How Sunlight Can Cause Problems for Brick and Stucco Siding

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Usually when we talk about moisture problems, we mean the stuff caused by ice, rain, sleet, and snow—the kinds of weather it makes sense to protect your home from. But if you have masonry, stucco, or even fiber cement or concrete on the outside of your home, your siding could be collecting moisture from the inside out.

It’s called inward solar vapor drive, a condition that occurs when condensation collects from cool air-conditioned interiors and sticks to the inside of your home’s house wrap. Meanwhile, it rains outside, and then clears up, drying surfaces—and pushing water deeper into the brick in your siding. Don’t worry—solar vapor drive isn’t all that common, but when it happens it could cause a lot of problems. Rampant moisture is poison for interior walls, and it could cause a whole slew of issues like mold, rot, insulation damage, leaks—you name it. Let’s take a look at inward solar vapor drive, why it happens, and what you can do to prevent it in your home.

Row of new suburban brick homes

Reservoir Cladding: How Walls are Protected in Masonry

If you’ve lived in your brick house for a while, you may have noticed that moisture tends to stick to it. Maybe you’ve had some problems with algae, or have noticed that plants tend to take root there in the spring. Brick, concrete, and cement products and stone all absorb water when it rains or snows. They’re what’s known as “reservoir cladding,” which is just a fancy way of saying that they hold water.

That means builders have to be careful when they put in your siding. They can’t lay it flush against your home’s sheathing—that could potentially expose the walls to moisture, and lead to all those problems we talked about before. Instead, your installer creates a drainage plane and an air barrier behind the brick wall. It’s too complicated to go into all the mechanics here, but basically that system behind your walls works to absorb water and dries it out using the airflow inside your home’s walls.

The problem comes when reservoir cladding is combined with a couple of other factors that we’ll go into in depth below. If water isn’t being properly vaporized behind the wall, it can collect, and then suddenly before you know it, you can have inches of water sitting in your walls.

Other Factors that Affect Moisture in Brick Walls

The biggest player in the whole inward solar vapor drive effect is house wrap. In most cases, house wrap is good for a home. It can protect the interiors from the elements and keep heat from escaping when it’s cold outside. But it’s not perfect. Most house wrap is permeable, meaning it’s made with small holes to let moisture escape. But a plastic vapor barrier like polyethylene sometimes doesn’t “breathe” enough for a brick home.

To get the whole picture, though, we have to talk about how that polyethylene surface interacts with air conditioned interiors. You’ll have to think back to the summer, when temperatures were soaring, and you turned your AC up high just to get the slimmest relief. You’ve probably noticed that sometimes that AC unit causes condensation—well, the cooler air from your home can do that when it comes across a vapor barrier that’s not porous enough. Water collects against the back of the house wrap, and guess where the water then stays? Yep, you got it: inside your walls.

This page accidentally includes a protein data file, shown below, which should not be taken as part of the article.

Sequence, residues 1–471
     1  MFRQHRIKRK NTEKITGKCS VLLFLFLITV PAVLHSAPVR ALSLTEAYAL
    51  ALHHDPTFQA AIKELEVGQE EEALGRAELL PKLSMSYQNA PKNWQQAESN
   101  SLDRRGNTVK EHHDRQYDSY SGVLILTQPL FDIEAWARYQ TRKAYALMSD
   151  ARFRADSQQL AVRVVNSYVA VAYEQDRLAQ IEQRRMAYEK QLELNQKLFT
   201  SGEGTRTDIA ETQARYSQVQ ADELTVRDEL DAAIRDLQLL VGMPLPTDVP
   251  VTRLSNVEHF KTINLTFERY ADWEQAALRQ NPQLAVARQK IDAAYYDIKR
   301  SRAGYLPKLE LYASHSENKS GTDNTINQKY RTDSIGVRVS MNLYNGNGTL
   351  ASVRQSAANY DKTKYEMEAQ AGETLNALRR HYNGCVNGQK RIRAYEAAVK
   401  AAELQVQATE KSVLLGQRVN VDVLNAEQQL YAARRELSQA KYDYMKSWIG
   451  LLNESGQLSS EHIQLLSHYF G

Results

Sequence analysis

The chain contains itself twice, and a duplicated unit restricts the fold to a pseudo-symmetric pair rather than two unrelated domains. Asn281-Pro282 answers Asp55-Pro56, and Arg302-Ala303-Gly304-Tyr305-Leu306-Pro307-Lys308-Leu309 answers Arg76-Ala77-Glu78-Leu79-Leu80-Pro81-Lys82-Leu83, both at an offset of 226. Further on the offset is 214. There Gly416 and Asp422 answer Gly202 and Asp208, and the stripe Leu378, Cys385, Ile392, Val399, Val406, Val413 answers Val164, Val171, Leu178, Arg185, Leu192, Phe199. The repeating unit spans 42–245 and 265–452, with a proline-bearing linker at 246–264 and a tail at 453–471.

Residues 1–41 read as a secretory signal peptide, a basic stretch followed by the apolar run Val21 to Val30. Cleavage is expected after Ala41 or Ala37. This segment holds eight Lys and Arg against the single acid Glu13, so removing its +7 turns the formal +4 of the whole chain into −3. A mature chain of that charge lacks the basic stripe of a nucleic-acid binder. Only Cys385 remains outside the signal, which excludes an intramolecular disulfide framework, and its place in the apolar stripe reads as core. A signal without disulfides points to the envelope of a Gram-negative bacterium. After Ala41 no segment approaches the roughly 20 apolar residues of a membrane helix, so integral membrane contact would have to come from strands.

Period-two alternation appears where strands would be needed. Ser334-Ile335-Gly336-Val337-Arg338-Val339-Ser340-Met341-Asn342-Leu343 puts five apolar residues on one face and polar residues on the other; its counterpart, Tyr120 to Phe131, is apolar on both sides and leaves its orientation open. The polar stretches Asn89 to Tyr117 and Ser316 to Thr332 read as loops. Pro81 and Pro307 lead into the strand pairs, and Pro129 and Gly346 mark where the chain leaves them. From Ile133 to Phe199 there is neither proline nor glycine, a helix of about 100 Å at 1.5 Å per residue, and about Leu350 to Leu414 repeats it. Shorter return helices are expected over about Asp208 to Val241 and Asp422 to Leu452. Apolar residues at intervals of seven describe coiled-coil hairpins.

measuring rigid foam insulation

What Can Builders Do to Prevent Inward Solar Vapor Drive?

But not all is lost. Builders can make sure you never have to deal with the consequences of solar vapor drive. The first thing, of course, is to avoid a polyethylene or vinyl vapor barrier at all costs. There are plenty of alternatives to prevent moisture infiltration, so ask your house builder to investigate one of these instead.

A builder who knows what they’re doing will also check the tightness and airflow behind the wall. The more airtight a wall is, the less chance it has of drying out, so brick homes should be specially designed with a little extra room in the interiors to let moisture dry.

Another thing your builder might do is forego the fiberboard sheathing behind your new addition’s brick-veneered walls for a different material altogether: foam. Polyisocyanurate foam, also known as rigid foam sheathing, is most often used as protective insulation that’s nailed on top of OSB sheathing for protection. But it can also be used for the walls themselves, which is what brick home builders in the future may do to protect wall cavities from excess moisture.

See? Solar vapor drive isn’t that big a deal. As long as your contractor takes care to use the right materials and techniques to install your new brick exteriors, you won’t find yourself hitting your head against that same wall in a few years.